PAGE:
Warriors center James Wiseman was upset when he found out in late March that his second NBA season had been wiped out due to injury. He also got frustrated when he found out the Dubs would be playing his hometown Memphis Grizzlies in the second round.
Overall, though, the 20-year-old is keeping a positive attitude despite a tumultuous first two seasons in the NBA. Wiseman spoke to reporters Monday, hours before Game 4 of the Warriors-Grizzlies Western Conference semifinals. You can hear the 7 p.m. PT tip-off on 95.7 The Game:
Though he hasn’t played in a game for Golden State all season, Wiseman has been a staple on the team’s bench trying to soak up as much experience as possible. He tore the meniscus in his right knee on April 10, 2021 and hasn’t been able to recover from subsequent surgery and a December 2021 cleanup procedure.
“It’s all in the mental,” Wiseman said. “And also, that’s in my DNA. So I’m not gonna ever give up no matter how hard it gets. I ain’t never giving up.”
Wiseman appeared in three rehab games with the Santa Cruz Warriors of the G League in March, averaging 17.3 points, 9.7 rebounds and 21 minutes per game. Swelling in his right knee flared up after the third game and the Warriors decided to shut him down for the final three weeks of the regular season.
“To be honest, I was pissed because I wanted to play and I wanted to play this year,” Wiseman said. “I mean, it is what it is. It’s life. I’m just gonna take it one day at a time. God got me and I’m not gonna worry about it.”
The 2020 No. 2 overall pick averaged 11.5 points, 5.8 rebounds and shot 51.9 percent from the floor in 39 games (27 starts) for the Warriors in his rookie season before it was cut short due to his injury, which occurred when he landed awkwardly after a dunk attempt.
His rookie season was rocky itself, as he got off to a slow start and missed training camp due to COVID-19. Wiseman also dealt with wrist issues and once was disciplined for missing a mandatory COVID-19 test. The 7-footer showed a lot of promise and brings an athletic big man the team currently doesn’t have on the roster. Wiseman is at his best when he’s rolling to the basket for lob attempts, but he’s also flashed a mid-range shot and some nice footwork. He’d also help the team’s interior defense and lighten the load for Draymond Green and perhaps Kevon Looney, who is a free agent this summer.
“I know I have talent, I know I have the skillset,” Wiseman said. “I learned a lot about myself throughout this process. It kept me way more grounded and it humbled me even more, just to say to myself – the game of basketball can be taken away from anybody at any given moment. But it’s how you bounce back from that. It’s like how you respond to that. Really, I’m just keeping an even keel-head. I’m just keeping my mentality right, staying up, staying elevated. Just making sure I stay positive.”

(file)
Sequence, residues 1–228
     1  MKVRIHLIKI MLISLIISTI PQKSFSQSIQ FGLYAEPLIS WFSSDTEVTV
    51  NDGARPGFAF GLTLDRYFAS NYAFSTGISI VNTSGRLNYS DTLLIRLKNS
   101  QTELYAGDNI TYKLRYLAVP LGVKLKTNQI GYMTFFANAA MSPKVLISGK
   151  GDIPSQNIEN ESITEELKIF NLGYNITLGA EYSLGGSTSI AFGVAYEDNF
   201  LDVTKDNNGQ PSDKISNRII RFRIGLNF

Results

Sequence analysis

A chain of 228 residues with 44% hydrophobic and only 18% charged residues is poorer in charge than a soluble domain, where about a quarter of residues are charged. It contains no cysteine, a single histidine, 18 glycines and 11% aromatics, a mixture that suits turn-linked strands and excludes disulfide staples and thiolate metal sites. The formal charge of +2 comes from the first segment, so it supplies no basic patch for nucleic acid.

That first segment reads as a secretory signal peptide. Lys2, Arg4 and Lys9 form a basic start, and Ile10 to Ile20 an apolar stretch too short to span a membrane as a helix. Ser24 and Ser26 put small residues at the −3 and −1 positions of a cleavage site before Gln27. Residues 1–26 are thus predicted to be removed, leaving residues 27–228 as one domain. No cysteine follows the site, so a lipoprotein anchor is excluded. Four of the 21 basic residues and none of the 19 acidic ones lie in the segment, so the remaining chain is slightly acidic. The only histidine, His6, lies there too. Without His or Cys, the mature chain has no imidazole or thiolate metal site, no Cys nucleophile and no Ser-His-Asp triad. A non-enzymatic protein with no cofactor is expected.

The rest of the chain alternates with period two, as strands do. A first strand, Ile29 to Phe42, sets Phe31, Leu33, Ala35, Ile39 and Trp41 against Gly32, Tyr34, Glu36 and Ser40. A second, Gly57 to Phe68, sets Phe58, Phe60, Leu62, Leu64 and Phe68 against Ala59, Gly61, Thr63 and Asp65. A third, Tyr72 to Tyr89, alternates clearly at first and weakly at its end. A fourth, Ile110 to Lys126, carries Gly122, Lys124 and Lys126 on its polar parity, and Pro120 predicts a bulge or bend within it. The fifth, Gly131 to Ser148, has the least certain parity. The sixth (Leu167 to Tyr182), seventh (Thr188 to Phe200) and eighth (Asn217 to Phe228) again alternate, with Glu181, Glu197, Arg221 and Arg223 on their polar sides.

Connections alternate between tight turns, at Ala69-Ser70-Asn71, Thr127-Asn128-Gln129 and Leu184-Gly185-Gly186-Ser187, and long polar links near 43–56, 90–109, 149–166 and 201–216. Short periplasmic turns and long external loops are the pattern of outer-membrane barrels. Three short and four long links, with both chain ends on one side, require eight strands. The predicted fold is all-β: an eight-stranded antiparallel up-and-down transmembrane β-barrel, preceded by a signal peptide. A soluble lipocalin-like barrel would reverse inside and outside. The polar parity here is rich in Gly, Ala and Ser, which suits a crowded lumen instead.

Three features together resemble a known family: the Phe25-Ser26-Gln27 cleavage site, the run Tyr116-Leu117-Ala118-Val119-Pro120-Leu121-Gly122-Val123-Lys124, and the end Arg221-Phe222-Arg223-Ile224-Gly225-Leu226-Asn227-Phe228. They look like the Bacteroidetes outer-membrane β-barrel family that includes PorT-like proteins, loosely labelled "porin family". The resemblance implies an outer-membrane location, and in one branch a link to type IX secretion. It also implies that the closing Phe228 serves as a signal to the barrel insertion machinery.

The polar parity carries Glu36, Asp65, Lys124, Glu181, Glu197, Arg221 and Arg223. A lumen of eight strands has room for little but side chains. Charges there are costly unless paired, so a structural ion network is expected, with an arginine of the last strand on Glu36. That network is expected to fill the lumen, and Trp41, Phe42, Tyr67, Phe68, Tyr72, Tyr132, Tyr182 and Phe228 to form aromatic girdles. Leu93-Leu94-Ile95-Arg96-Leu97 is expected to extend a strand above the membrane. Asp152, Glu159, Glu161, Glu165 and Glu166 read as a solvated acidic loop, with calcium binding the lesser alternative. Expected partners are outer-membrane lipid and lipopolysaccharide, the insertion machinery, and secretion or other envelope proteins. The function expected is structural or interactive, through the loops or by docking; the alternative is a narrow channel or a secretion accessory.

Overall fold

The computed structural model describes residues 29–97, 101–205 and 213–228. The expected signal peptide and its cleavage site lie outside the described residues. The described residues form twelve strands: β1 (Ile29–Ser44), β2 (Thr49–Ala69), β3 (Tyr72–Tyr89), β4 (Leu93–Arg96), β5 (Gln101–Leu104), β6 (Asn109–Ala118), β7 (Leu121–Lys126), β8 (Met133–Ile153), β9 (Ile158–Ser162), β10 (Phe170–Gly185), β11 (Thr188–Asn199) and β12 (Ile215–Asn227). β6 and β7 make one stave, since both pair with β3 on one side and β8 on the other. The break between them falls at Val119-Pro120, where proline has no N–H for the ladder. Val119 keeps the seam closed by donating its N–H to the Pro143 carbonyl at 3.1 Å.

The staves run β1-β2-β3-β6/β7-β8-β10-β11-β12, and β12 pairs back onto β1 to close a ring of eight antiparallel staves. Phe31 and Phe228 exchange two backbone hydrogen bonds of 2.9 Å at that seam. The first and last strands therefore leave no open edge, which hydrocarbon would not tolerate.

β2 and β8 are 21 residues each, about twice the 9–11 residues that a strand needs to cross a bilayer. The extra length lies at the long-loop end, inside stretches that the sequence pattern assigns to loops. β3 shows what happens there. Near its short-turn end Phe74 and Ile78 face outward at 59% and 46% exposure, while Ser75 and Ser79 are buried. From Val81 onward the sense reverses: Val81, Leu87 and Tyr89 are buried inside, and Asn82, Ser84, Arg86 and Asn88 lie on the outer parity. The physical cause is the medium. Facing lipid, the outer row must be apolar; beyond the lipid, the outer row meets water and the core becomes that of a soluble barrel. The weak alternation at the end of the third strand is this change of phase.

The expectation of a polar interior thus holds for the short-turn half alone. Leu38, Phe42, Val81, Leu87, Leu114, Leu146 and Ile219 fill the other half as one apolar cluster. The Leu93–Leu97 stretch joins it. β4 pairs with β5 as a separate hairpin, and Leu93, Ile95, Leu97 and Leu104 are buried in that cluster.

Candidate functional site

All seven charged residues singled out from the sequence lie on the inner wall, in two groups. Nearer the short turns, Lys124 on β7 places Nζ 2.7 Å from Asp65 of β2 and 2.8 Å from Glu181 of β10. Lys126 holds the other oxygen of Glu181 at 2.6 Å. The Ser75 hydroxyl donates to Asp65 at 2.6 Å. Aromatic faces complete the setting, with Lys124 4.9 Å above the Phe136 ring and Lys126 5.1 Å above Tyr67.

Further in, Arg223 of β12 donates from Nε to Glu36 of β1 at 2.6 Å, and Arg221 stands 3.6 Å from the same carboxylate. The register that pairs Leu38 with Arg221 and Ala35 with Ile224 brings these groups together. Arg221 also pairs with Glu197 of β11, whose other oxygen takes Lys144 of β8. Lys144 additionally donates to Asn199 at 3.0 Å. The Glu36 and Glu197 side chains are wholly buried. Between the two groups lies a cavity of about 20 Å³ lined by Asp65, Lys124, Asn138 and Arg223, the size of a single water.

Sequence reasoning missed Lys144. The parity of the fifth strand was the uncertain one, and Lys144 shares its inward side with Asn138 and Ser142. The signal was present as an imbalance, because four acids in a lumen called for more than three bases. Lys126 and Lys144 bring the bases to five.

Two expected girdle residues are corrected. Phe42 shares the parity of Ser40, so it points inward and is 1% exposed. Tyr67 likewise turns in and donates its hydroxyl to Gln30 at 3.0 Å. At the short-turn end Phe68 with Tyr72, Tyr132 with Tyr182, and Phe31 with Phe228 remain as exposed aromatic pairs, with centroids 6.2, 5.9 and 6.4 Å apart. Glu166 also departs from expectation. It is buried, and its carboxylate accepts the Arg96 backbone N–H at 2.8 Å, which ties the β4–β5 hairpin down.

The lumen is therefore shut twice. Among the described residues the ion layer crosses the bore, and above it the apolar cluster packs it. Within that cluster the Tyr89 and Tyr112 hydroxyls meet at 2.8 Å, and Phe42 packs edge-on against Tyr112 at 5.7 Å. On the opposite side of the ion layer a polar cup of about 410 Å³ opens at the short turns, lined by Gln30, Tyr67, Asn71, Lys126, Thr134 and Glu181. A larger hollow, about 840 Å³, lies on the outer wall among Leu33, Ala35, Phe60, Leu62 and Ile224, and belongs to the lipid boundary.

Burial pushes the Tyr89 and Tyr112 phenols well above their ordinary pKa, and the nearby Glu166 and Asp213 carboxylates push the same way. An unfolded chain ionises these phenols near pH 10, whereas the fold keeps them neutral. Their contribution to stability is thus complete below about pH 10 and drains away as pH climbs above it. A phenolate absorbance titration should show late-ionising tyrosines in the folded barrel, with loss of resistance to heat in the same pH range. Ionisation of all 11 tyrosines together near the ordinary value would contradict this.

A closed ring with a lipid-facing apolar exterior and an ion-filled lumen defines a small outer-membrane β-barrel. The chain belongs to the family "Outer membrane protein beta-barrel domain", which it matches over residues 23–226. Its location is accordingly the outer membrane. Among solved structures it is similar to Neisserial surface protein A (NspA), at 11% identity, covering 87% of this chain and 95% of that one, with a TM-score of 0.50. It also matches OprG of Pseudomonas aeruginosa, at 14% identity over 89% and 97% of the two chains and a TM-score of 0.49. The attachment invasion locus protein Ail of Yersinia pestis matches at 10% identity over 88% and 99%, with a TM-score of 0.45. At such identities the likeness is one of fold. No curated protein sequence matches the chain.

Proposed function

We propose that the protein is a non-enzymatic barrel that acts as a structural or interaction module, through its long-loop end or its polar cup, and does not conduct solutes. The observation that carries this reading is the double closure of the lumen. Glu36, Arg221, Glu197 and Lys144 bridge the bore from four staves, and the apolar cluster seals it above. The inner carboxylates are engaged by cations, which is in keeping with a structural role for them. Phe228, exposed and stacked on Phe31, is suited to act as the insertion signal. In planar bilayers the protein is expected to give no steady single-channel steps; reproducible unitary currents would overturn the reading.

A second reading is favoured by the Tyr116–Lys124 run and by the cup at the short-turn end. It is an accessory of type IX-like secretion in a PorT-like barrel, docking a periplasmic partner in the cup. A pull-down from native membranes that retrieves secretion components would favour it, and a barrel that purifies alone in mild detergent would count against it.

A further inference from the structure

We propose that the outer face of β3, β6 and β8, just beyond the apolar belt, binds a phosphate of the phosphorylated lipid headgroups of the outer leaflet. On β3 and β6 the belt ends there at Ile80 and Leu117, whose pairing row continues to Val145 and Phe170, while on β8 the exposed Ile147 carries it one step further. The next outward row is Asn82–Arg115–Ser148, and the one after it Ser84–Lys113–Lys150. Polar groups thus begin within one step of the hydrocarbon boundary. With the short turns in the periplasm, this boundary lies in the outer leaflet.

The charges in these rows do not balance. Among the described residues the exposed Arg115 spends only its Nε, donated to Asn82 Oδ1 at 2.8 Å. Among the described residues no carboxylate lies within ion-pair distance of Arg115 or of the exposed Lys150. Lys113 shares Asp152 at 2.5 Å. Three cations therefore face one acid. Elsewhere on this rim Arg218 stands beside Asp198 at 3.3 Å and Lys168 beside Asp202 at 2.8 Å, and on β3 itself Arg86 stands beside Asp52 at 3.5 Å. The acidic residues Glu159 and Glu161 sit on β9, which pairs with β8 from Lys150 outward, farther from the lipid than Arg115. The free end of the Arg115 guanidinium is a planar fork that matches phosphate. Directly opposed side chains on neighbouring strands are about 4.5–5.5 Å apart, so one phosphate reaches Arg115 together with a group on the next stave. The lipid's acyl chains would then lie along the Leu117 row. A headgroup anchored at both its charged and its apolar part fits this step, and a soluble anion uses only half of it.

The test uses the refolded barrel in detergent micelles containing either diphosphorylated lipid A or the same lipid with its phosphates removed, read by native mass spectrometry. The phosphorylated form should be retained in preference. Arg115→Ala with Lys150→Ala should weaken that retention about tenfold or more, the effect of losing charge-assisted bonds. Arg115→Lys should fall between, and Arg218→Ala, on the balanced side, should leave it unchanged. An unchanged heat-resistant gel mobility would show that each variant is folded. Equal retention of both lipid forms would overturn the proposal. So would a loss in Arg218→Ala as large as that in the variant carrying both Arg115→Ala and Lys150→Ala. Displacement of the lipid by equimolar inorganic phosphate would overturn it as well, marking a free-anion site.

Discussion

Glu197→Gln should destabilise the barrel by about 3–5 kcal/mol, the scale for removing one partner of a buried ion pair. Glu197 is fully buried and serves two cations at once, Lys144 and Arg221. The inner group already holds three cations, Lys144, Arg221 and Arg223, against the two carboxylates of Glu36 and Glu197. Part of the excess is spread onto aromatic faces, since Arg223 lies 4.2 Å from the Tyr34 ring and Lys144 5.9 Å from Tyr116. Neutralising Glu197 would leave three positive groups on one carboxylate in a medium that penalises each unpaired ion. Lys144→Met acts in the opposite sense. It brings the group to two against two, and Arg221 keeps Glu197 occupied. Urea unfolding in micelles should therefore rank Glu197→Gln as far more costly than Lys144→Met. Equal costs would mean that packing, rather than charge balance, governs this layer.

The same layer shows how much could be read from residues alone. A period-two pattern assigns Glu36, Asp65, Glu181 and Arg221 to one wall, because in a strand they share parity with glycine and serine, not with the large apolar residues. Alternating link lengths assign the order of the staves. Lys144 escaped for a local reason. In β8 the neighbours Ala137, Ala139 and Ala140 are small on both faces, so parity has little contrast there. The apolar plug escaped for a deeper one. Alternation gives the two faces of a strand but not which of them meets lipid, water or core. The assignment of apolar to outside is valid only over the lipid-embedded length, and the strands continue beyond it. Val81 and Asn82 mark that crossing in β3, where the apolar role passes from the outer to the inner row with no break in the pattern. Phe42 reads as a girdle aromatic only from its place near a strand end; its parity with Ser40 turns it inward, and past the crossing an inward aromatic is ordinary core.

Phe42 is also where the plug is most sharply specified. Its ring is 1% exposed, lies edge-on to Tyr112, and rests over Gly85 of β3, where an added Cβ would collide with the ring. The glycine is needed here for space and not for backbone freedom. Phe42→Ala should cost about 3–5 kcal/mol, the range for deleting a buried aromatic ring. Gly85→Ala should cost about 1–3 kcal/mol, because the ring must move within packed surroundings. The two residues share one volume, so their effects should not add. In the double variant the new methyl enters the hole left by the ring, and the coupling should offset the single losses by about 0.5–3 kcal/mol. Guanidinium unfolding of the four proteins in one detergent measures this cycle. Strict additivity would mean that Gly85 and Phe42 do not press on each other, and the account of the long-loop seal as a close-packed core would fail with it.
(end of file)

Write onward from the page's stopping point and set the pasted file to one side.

Wiseman said he has been leaning on Warriors executive Shaun Livingston for advice, as Livingston suffered a devastating knee injury in 2007 but returned to play for 11 more NBA seasons. Livingston, a former No. 4 overall pick as a teenager, was on the Warriors for all five of the team’s NBA Finals trips from 2015-19.
“He just taught me a lot of stuff about how to deal with adversity,” Wiseman said. “He’s been through it and how to deal with that, and how to keep persevering – being young in the league and everything else. Life is about perspective anyways and how you perceive it.”
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Warriors coach Steve Kerr has told Wiseman to watch Grizzlies forward Jaren Jackson Jr., who has become a solid player after overcoming his meniscus injury that essentially wiped out his 2020-21 season.
“He has not got a break here in the first two years of his career,” Kerr said of Wiseman. “I think it’s helpful for him to watch Jaren Jackson Jr. play so well given that Jaren went through the same injury. … Obviously, Jaren looks great out there. I think it’s helpful for James to have that example in front of him. But he’s a diligent worker and he’s putting in the time. We’re very confident that he’s got a long, great career ahead.”
Sure, Wiseman would love to be playing this series and make the trip back home to play in front of friends and family. At least he got to enjoy some home cooking when the Warriors were back in Memphis during the first two games of the series, as his mom made some spaghetti for the fam.
“It’s always good to be home, it’s always good to feel that energy and feel that atmosphere while being home,” Wiseman said. “It kinda ticked me off a little bit because I wanted to play against Memphis and stuff like that, since I was in my hometown. But it is what it is. It’s life. It’s gonna happen.”